I always look for biblical themes when I read fiction, with a special eye out for acts of redemption. Now, instead of only looking at the object of redemption, I want to pay special heed to its cost. And in that cost, I want to be reminded of the cost that I no longer bear; of the cost absorbed in Christ for me.

John Owen on Christopher Hitchens (and me)

19 Dec

“The difference between the knowledge of believers and unbelievers is not so much a difference in the matter of their knowledge but in the manner of knowing. Unbelievers, some of them, know more about God, his perfections, and his will, than many believers do; but they know nothing as they ought, nothing in a right manner, nothing spiritually and savingly, nothing with a holy and heavenly light. The excellence of a believer is not that he has a large grasp of things, but that what he does grasp, which may be very little, he sees it in the light of the Spirit of God, in a saving, soul-transforming light; and this is that which gives us communion with God.”

– John Owen, the Mortification of Sin

As I read this quote, I couldn’t help but think of the late Christopher Hitchens.  Much has been written on the famous atheist in the wake of his death this week, and a great deal of the obituaries were from the mouths of Christians. (see here or here or even here)  The overwhelming response seems to be that of respect and regret.  Respect for his wit, vigor, and knowledge of the Christian faith, and regret that he seemingly never turned from his sins to embrace Christ as Savior.  It was said that Hitchens had a firm understanding of the Christian doctrine of the atonement; he could explain an orthodox understanding of the penal substitutionary atonement as well as a true believer (probably better in many cases,sadly), only without the belief.  Instead, his knowledge only fueled his harsh anti-God rhetoric and cutting arguments.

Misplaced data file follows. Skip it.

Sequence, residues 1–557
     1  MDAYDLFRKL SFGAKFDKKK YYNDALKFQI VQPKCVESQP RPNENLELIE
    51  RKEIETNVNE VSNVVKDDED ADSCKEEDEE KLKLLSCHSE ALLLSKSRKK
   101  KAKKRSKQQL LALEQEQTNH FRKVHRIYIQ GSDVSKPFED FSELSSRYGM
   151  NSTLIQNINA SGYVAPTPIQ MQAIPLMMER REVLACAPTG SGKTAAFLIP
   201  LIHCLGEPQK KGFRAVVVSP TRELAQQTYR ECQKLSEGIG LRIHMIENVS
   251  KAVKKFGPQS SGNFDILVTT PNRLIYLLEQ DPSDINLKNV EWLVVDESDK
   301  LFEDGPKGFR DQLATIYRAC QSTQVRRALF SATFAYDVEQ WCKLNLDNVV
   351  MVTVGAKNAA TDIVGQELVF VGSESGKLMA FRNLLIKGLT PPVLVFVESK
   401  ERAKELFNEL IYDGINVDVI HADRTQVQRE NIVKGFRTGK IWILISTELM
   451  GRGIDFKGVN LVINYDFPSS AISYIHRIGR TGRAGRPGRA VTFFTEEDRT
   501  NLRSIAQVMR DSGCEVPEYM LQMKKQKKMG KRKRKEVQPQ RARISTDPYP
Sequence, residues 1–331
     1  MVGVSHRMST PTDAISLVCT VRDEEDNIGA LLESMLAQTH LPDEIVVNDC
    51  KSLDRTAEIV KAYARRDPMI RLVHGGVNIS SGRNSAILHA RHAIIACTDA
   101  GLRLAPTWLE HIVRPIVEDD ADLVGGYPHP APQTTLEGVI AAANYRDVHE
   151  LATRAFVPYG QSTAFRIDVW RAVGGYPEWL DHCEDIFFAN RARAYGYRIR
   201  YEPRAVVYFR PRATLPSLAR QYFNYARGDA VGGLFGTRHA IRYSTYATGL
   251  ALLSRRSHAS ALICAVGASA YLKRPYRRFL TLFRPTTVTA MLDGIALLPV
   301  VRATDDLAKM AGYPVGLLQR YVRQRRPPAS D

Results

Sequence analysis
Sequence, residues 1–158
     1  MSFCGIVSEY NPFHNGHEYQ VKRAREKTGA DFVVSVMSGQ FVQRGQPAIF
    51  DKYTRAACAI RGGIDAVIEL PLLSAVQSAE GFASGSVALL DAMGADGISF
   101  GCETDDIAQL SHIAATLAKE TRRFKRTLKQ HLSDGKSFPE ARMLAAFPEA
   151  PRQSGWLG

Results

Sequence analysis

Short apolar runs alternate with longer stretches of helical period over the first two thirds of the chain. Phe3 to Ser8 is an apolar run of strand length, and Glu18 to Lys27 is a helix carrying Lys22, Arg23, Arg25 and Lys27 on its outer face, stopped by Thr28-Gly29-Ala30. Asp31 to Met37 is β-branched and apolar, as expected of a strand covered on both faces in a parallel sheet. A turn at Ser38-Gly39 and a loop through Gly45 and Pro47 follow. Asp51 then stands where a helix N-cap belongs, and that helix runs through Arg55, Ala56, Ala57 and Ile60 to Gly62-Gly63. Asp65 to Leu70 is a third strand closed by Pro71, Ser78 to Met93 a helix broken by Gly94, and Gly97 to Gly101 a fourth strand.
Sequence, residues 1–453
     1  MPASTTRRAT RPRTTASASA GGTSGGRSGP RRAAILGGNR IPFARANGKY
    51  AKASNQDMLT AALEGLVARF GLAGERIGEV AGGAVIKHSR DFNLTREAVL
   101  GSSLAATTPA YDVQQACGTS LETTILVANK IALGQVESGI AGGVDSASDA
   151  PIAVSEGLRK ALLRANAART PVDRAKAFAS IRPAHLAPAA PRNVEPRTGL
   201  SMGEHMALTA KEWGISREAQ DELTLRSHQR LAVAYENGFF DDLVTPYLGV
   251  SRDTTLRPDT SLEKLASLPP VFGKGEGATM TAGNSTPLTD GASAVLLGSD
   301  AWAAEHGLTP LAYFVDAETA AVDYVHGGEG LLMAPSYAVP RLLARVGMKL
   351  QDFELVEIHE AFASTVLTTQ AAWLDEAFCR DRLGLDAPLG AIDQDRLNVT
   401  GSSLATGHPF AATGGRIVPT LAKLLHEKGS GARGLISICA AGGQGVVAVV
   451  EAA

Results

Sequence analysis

The other person I was reminded of as I read Owen’s quote was me.  How deep is my own faith?  How often do I fail to see my knowledge of salvation “in the light of the Spirit of God, in a saving, soul-transforming light” leading to communion with God?  Christopher Hitchen’s knowledge of the truth resulted in passionate raging against the God of the gospel.  How many of us know the same truth, and experience neither Hitchen’s revulsion nor the graceful transformation Owen describes? I do not doubt my salvation.  Rather, I am reminded to pray that my acceptance of this glorious gospel of grace would be at least as passionate as Hitchen’s rejection of it, and never result in the cold head knowledge that produces no fruit, no heat, and no light.


18 Dec

Well, since i’m still here in afghanistan, i will be making my best effort to use my time wisely.  this effort has so far included a church history course, some greek, a lot of  books.  my reading skills might not be lacking, but my writing…. rough. I’d like to work on that. So this will be my outlet for sharing thoughts; hopefully edifying, possibly intelligent, and certainly brief.

I will discuss culture, books I might be reading, faith, theology, and anything else I feel compelled to mention.